It’s kind of amazing all the different foods that we’re supposed to concoct in order to have it be “real” or “traditional.” It’s daunting. In fact, I have a dear friend whose family bags the whole thing and makes a large Thanksgiving pizza. Not just turkey and stuffing and mashed potatoes- oh no!- but cranberries, gravy, and whatever other sides you grew up eating with them: maybe peas, corn, applesauce… maybe green bean casserole with the crunchy tin-can onions on top or strawberry Jell-O with little banana UFOs floating inside, or perhaps yam casserole drenched in brown sugar, butter and tiny marshmallows… No matter what, everyone seems to have a food it just wouldn’t be Thanksgiving without. (For the record, for me it is my mom’s Oyster Stuffing. It. Is. So. Good.)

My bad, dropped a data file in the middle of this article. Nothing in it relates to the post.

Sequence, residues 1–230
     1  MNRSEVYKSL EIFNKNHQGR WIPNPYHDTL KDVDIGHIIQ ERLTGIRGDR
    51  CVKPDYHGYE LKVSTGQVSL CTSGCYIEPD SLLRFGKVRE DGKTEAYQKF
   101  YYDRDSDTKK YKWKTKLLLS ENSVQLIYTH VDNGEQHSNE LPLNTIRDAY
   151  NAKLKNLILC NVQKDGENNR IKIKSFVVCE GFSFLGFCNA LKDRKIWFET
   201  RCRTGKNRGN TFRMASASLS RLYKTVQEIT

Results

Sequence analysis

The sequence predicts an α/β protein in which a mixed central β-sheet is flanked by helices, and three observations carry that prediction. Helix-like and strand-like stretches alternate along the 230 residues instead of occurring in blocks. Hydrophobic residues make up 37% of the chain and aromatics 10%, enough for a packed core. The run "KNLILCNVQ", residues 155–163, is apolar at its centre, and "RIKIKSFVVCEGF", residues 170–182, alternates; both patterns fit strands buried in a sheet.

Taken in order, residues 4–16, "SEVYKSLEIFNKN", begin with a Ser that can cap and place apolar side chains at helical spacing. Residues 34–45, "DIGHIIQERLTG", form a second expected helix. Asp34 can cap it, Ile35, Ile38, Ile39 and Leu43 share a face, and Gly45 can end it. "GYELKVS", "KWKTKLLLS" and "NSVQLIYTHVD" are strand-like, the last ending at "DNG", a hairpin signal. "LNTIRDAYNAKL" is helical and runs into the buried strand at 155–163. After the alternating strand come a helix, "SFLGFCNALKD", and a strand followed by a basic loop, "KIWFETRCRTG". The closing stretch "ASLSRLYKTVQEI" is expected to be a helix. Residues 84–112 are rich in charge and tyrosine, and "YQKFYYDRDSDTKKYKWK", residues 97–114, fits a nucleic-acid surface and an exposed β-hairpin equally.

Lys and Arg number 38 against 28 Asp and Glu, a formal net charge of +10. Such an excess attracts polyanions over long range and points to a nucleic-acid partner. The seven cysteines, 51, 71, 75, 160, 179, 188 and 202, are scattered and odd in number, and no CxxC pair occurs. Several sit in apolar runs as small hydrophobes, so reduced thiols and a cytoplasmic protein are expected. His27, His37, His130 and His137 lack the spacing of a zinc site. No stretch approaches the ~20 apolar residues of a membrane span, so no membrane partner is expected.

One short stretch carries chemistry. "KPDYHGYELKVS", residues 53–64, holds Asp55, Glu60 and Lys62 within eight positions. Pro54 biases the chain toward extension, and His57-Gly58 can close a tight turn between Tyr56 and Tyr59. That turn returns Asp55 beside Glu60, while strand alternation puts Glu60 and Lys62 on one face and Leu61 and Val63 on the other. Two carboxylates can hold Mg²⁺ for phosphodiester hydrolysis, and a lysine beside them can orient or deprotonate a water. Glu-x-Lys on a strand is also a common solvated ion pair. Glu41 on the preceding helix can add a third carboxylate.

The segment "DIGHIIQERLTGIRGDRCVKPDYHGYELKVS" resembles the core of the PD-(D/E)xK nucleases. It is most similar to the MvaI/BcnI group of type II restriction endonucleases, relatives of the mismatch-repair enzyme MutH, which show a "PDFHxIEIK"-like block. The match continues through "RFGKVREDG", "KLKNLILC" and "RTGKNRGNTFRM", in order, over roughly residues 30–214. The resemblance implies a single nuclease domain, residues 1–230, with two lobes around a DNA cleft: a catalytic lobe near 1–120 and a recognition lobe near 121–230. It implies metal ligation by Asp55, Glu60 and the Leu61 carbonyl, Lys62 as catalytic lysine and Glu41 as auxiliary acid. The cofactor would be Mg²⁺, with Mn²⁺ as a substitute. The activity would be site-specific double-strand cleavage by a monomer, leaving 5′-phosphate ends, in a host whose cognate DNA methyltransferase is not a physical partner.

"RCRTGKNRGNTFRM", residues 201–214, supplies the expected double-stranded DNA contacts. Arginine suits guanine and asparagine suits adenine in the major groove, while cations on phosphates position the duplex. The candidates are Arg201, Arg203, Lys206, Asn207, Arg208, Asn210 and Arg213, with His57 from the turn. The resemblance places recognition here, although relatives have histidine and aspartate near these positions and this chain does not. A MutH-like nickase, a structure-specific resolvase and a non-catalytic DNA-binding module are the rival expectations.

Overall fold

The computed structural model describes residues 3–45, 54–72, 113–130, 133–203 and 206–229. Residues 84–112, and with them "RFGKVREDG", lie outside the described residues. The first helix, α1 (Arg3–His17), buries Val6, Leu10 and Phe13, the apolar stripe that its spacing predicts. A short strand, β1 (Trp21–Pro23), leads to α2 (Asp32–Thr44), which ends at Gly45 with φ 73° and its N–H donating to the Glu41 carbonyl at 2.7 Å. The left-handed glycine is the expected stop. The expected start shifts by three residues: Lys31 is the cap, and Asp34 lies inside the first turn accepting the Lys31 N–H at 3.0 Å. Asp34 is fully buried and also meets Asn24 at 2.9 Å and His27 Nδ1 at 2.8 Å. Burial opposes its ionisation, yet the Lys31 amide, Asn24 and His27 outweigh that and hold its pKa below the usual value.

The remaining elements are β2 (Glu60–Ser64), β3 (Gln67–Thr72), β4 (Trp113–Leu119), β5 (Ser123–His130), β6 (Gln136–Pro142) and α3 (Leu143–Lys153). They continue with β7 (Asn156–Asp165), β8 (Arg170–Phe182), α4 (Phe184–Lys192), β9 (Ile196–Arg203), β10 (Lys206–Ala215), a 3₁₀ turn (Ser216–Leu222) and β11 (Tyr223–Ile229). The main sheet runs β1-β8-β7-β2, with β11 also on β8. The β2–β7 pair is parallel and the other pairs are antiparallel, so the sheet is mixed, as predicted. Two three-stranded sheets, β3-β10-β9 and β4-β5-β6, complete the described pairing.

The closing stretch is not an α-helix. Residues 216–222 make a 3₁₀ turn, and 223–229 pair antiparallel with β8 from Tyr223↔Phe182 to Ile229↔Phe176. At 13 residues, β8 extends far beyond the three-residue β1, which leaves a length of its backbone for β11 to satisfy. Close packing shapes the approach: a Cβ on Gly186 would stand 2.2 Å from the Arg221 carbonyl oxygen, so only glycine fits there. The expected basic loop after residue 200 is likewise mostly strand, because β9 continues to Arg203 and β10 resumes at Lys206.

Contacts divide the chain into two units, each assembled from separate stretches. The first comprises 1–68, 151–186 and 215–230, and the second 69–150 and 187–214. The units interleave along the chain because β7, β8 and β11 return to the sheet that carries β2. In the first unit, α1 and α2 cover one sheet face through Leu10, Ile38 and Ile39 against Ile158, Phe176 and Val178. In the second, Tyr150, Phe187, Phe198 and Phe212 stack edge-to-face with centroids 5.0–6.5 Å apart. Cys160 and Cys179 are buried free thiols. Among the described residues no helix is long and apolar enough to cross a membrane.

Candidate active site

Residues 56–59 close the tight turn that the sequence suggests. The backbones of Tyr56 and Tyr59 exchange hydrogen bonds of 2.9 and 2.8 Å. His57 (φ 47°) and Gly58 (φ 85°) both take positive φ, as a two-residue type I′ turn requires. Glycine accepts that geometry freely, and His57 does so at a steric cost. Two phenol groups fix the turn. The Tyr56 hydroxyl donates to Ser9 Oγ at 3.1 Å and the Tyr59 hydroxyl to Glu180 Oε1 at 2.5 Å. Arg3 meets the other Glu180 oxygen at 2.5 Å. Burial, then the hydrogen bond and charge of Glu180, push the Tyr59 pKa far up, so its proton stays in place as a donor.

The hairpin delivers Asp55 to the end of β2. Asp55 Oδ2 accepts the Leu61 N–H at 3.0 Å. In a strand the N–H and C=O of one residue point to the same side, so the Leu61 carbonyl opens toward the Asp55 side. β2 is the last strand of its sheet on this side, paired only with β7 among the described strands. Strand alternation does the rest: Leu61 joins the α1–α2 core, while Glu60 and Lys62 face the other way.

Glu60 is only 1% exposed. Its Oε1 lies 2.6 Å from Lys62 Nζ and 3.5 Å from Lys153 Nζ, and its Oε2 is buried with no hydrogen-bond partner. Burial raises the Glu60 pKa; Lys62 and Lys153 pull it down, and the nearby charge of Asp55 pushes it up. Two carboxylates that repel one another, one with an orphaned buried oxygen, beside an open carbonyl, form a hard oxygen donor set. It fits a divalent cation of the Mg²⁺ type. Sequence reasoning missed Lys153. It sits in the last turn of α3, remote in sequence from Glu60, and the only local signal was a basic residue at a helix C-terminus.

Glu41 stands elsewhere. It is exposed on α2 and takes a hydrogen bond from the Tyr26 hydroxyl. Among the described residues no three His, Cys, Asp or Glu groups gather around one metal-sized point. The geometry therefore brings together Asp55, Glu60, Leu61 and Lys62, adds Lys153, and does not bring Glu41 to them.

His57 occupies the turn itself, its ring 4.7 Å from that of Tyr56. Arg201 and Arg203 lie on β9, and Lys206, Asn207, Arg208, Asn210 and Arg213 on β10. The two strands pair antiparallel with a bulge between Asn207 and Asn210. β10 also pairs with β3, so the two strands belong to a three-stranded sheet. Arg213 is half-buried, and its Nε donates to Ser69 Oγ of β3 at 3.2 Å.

So once you get through making all the mandatory foods, the “it wouldn’t be Thanksgiving without” foods, and anything special or new that you decided to throw in this year – you’ve got yerself a fairly serious Mount Kilimanjaro of food.

However, despite the fact that it was a ridiculous starch-fest (more stuffing with your mashed potatoes, my dear?) and the fact that many of those “traditional” dishes (marshmallows? Did the Pilgrims have those?) can practically cause instant diabetes, despite all that we got through the entire meal- with only minor modifications- No Sugar style.

Glucose Syrup - YUM!

Gravy is always a prime suspect- but Mom bought it at Whole Foods and checked the ingredients so we were safe on that account. She also made that green bean casserole and I was amazed to find only dextrose (!), not sugar or any icky variant thereof, in the ingredient list. Well, yay! Not that this was health food you understand, but still.